The five Lancashire County Council museums threatened with closure will now stay open until the end of September, to allow more time for discussions to continue with organisations keen to take them over, and for other interested parties to come forward.
Lancaster's Judges' Lodgings is one of the five museums earmarked for closure as the result of the swingeing cuts to council funding by central government, which have now gone well beyond simple economic prudence and sensible cost savings and into the realms of a brutal right wing attack on public services at the expense of anything not perceived to make a 'profit' (such as museums, schools, the disabled, the poor and the arts).
County Councillor Marcus Johnstone, Cabinet Member for Environment, Planning and Cultural Services, said: "As has been widely reported, the county council's dire financial situation means that we can no longer afford to run these museums.
"We took the decision to cease funding these five museums with very heavy hearts. We recognise their immense cultural and historical value but when it is unclear how we will pay for essential services for the vulnerable in just two years' time, it is one of many difficult decisions we have had to make.
"I am pleased to say that we are in active discussions with bodies interested in taking over all five museums, and we will keep the museums open until the end of September to give those discussions the best possible chance of success. It may also present an opportunity for other interested parties to come forward."
The five museums facing closure because of the Tories are:
• The Museum of Lancashire
• Fleetwood Museum
• Helmshore Mills
• Queen Street Mill
• The Judges' Lodgings, Lancaster
Tax changes in this week's Budget may help all museums survive in future. Chancellor George Osborne has extended the museum VAT refund eligibility from national and university museums to include free museums across the country.
Museums Heritage Advisor reports this will allow all free museums and galleries to claim back VAT incurred on most goods and services purchased in order to continue to offer free admission. The budget will also see tax relief for temporary and touring exhibition costs from April 2017 with a consultation taking place in the summer.
Friends of the Judges' Lodgings Group
One community-based group looking to save Lancaster's threatened museum is
the Friends of the Judges' Lodgings.
The group has recently become focussed on thinking strategically about how it might assist in saving the Judges' Lodgings from closure and are interested in talking to anyone who might like to get involved.
The Friends aim to work with the Judges' Lodgings museum to maintain and develop the small garden at the back of the Judges' Lodgings Museum into a period garden to provide a landscape, cultural and educational resource that will complement the Judges' Lodging museums and add to the cultural vibrancy of Lancaster. The garden is currently not open to the public.
New Inquiry Launched into Culture Funding
Although things are looking grim for these five museums, there is a glimmer of hope that the recently-announced Culture, Media and Sport Committee inquiry into funding for culture in England’s regions and sub-regions might highlight the impact funding cuts are having on museums and the arts around the country.
The Countries of Culture inquiry will focus on the impact on culture of the local authority settlement; new funding models for culture and use of lottery funding; cultural partnerships; skills, management and infrastructure; accessibility and engagement; and the value and impact of culture in the regions.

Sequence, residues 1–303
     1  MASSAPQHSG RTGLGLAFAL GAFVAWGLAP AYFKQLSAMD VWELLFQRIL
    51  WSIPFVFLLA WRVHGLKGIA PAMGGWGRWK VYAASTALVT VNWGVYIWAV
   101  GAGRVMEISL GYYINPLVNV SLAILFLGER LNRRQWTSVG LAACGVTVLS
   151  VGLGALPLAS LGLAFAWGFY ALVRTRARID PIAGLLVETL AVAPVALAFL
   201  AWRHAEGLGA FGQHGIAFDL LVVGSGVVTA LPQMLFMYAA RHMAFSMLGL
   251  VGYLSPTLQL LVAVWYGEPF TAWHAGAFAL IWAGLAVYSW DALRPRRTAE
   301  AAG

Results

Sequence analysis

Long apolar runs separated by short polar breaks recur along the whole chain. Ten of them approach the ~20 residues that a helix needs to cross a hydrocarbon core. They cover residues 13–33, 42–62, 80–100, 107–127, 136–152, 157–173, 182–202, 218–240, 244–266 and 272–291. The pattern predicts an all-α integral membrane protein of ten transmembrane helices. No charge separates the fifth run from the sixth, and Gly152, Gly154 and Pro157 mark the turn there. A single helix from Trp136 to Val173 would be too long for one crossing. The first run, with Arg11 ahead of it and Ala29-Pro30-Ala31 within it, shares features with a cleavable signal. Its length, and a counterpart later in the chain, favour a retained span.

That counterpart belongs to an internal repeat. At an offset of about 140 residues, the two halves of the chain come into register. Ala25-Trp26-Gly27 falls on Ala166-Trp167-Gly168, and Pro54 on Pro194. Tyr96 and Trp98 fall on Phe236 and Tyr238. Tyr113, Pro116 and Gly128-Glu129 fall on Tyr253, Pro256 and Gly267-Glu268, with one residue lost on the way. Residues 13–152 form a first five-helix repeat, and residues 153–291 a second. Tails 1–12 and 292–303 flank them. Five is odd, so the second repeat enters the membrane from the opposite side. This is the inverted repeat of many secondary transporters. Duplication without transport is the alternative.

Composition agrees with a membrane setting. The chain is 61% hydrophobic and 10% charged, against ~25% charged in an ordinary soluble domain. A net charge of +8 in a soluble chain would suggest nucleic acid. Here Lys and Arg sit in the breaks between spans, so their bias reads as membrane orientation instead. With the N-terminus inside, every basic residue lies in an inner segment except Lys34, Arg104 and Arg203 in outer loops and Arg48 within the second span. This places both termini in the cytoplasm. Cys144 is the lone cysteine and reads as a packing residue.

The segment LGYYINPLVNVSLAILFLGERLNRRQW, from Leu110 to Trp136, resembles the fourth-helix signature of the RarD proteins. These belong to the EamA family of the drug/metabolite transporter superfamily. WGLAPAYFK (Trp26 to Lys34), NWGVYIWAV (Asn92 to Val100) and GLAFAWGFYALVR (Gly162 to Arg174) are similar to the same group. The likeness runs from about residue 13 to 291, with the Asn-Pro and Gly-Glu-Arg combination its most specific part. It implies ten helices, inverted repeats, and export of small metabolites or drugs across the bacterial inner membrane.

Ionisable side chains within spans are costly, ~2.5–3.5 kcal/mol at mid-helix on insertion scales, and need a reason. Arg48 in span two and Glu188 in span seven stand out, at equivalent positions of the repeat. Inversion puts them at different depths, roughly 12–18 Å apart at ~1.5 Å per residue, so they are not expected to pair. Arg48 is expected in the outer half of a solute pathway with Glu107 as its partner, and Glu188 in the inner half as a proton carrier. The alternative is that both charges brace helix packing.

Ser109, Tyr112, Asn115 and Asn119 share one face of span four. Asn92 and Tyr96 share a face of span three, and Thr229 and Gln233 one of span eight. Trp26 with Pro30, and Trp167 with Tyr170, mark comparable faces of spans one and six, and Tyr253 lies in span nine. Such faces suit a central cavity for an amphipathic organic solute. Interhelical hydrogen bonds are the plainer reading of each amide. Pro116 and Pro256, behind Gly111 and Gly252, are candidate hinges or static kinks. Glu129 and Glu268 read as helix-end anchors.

The select committee’s last inquiry in 2014, into the work of Arts Council England, found that there is an imbalance in arts funding in favour of London at the expense of taxpayers and lottery players in other parts of the country.
This year’s inquiry aims to build on that report and look beyond the work of the arts council.
“The UK has huge cultural and artistic riches in its regions and nations, including galleries, museums, music, theatre and festivals,” says Jesse Norman, the chair of the select committee. “This inquiry will look at how best to preserve and enhance those resources, especially in the face of continuing budget pressures; at the impact of festivals and events in cultural regeneration; at enhanced linkages between national and regional institutions; and at new ways in which culture and the arts can be used to develop and revitalise communities.”
The Museums Association’s (MA) Cuts Survey 2015 found that: “Local authority museums are particularly at risk and have experienced a greater decrease in total income from 2013-14 to 2014-15 than other types of museum. And the funding position of local authority museums is likely to worsen following the substantial cuts to the local government grant announced in the 2015 spending review.”
The MA will be giving evidence to the inquiry, and is calling for regional museums to make submissions to make sure the sector’s voice is heard.
“The MA welcomes the select committee inquiry into regional culture funding. Regional museums face a looming crisis with many under threat of closure,” says Sharon Heal, the MA’s director.
“If we are to prevent whole areas of the country becoming cultural cold spots there needs to be an urgent debate about how national and local government can work in partnership to ensure the continued provision of these vital services for current and future generations.
“The MA will be giving evidence to the inquiry and welcomes submissions from regional museums in England to ensure that our collective voice is heard.”
The deadline for submissions is 22nd April 2016.
Opening times may be subject to change at short notice. Visitors are advised to check before their visit at www.lancashire.gov.uk/museums
• Join the Friends of the Judges' Lodgings Group on Facebook: https://www.facebook.com/groups/832655583420666/